Rogue River, OREGON

Recovering Coastal Rivers and Jobs

Young Oregon Coast coho take their time in freshwater, exploring pools and side channels for a year or more before their big ocean exodus.

That extended freshwater residency is why efforts to restore coho habitat pay off for other salmonids. In the upper Rogue River, work to expand cold water reaches for coho is a boon for basin steelhead. In the Nehalem, efforts to bring back beavers and their ponds restore ecological processes good for both coho and rearing fall Chinook. And reconnecting tidal wetlands in the Siletz, Coos Bay, and Siuslaw watersheds helps all salmon species living here.

Recovering threatened Oregon Coast coho is the goal of the Coast Coho Partnership, which Wild Salmon Center helped establish in 2015. In the process, this work is restoring some of the most productive salmon watersheds south of Canada. Working with local teams, WSC drafts science-based action plans for these watersheds, identifying high-priority coho habitat restoration projects that WSC then works to fund. Since 2017, the partnership has driven more than $10 million into local restoration efforts, thanks in large part to support from the NOAA Restoration Center, Oregon Watershed Enhancement Board, and the National Fish and Wildlife Foundation.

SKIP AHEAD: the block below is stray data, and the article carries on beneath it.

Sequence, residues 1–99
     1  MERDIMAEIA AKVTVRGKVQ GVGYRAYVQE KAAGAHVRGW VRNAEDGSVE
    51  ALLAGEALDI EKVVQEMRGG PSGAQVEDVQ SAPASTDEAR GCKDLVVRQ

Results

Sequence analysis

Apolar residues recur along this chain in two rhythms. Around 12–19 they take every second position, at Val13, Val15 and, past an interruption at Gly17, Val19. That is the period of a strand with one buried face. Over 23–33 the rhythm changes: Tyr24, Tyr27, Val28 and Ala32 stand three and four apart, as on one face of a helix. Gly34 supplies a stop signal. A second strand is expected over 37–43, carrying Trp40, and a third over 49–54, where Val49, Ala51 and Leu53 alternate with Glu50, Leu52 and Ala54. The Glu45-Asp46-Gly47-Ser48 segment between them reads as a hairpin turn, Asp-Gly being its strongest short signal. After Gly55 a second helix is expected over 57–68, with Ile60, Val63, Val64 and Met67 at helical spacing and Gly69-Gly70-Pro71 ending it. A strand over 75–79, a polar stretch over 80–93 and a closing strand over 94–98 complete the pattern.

This work also has economic benefits for local communities. On the Rogue’s West Evans Creek, a WSC grant to the Applegate Partnership & Watershed Council is funding a large wood installation that will employ some two dozen people, from log fellers to archaeologists.

But recovering coho will take more than habitat restoration. That’s why the partnership knits tightly with WSC’s Oregon policy work. In the Coos Bay headwaters, we helped keep the 82,000-acre Elliott State Forest in public ownership; WSC’s Bob Van Dyk is helping to develop a conservation plan for the Elliott with other stakeholders. On the Nehalem, we’ve complemented restoration work with a state scenic waterway designation. And in the Rogue River basin, we’ve also secured new stream protections on private forestland.

“Oregon Coast coho is well-positioned for a comeback,” says WSC Coast Program Director Mark Trenholm. “Local communities get it: they want to fish for coho again, and know that we can get there through strategic restoration and better stewardship of working lands.”

Below: Maggie Peyton of the Upper Nehalem Watershed Council and WSC’s Mark Trenholm on the Nehalem River. Bottom: Oregon Chinook (Alamy).  Top: Rogue River (Alamy).